Cost basis = Cost of the Crypto + Allowable Expense (like transaction fee)
UK Cost Basis Methods
In the UK, the cost basis of crypto is calculated using a method known as the share pooling method. The share pooling method has three rules, which are applied in the following order:
1. The Same-Day Rule
Under this rule, all the tokens/coins are considered to be purchased in a single transaction and also sold in a single transaction on that day.
You move to the next rule if the number of coins/tokens purchased exceeds the coins sold or if the sales are more than purchases.
2. The 30-Day Rule
When the same kind of tokens are purchased and sold within 30 days, the cost basis for the 30 days is applied. It’s similar to the FIFO method applied to purchasing and selling tokens.
Once again, you move to the next rule if the number of coins/tokens purchased exceeds the coins sold or if the sales are more than purchases.
3. The Section104 Pool
The Tokens remaining in the pool after applying the above rules become part of Section 104 Pool. The cost basis of tokens in Section 104 Pool is calculated based on the average cost method, where the allowable costs of all tokens in the pool are divided by the total number of tokens in the pool to determine the cost basis per token.
Once the cost basis is ascertained by applying any of the above rules, the gain or loss can be calculated using the following formula:
Gain or (Loss) = Total Revenue from Sale – Cost Basis of the Token Sold
If there is a gain, capital gain tax has to be paid after accounting for the capital gain allowance limit (£6,000), and if there is a loss, you need not pay any taxes.
Tom invests £12,000 in crypto. After a few months, he sold his investment for £20,000. The difference of £8,000 is a capital gain and will attract a capital gain tax. Tom’s other earnings amount to £120,000.
Since the total income is less than £150,000 (£120,000+ £8,000), 20% CGT will be applicable on the gains from crypto. Therefore, the tax liability on crypto gains is £1,600.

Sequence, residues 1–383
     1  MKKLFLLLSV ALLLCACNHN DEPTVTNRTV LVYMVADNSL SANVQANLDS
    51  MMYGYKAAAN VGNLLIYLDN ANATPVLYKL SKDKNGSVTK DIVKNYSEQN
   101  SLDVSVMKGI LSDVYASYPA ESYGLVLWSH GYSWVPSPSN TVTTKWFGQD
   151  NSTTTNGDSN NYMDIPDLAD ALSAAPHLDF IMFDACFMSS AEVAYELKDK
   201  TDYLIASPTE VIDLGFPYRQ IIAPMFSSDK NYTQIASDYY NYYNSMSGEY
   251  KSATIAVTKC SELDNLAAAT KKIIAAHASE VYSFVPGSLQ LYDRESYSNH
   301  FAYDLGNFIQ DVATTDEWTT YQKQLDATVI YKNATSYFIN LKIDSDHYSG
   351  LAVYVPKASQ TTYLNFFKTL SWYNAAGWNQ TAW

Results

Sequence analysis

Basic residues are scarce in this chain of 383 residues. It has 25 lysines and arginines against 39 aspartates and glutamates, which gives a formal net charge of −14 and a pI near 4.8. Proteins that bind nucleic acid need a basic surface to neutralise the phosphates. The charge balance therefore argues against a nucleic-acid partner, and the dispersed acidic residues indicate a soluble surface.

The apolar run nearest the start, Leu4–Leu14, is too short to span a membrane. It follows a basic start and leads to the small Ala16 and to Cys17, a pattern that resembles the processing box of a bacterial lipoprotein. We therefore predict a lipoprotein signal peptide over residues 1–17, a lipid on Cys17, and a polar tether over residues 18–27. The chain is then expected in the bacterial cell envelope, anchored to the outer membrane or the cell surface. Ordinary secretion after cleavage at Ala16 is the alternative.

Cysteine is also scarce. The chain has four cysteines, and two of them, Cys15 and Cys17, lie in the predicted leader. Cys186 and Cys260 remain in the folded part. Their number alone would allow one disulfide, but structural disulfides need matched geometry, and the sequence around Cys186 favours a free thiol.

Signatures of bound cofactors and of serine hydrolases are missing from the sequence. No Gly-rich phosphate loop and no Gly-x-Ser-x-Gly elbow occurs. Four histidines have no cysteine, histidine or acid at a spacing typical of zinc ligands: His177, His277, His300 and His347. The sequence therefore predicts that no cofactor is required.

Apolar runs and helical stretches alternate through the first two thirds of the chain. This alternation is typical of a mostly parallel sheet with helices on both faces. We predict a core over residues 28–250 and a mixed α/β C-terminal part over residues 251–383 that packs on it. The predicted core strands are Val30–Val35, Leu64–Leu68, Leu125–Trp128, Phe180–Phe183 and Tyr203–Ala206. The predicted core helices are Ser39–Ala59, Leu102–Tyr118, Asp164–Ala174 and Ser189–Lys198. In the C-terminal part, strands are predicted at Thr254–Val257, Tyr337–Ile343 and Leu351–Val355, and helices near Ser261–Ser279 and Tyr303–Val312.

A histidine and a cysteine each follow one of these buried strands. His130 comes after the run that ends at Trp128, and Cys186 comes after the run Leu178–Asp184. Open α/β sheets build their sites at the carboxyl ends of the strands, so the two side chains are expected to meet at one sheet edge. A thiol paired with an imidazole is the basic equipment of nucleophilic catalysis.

Offsetting Capital Gains With Capital Losses
Sometimes, you may suffer losses on your investment. In such scenarios, you do not have to pay capital gain taxes. It’s crucial to keep detailed records of these losses and register them with HMRC, as you can offset capital losses against capital gains and carry forward registered losses to offset future gains.
So, you must register your capital losses with HMRC while submitting your tax return. The time limit for reporting capital losses is four years, but it is advisable to register your losses within the same financial year. By registering your capital losses timely, you can carry forward them to future years, resulting in a deduction of your capital gains tax.
Luckily, in the UK, there isn’t any limit on the amount of losses for offsetting against your gains. Hence, you can use as many loss transactions as possible to offset the gains, thereby bringing the gains down to the Capital Gains tax-free zone, i.e., £12,300. This way, your tax liability on gains becomes zero.
If you’re earning profits from cryptocurrency in the UK, you may be liable to pay taxes. Understanding the tax implications of your crypto gains is essential to stay compliant with HMRC regulations. Crypto gains can be subject to capital gain tax or income tax, depending on the nature of your transactions.
But calculating and paying such taxes can consume much of your time. This is where KoinX comes in. We are a crypto tax platform that can help you compute and file your taxes in the UK. So why wait? Contact us today and make your crypto taxes easier than before.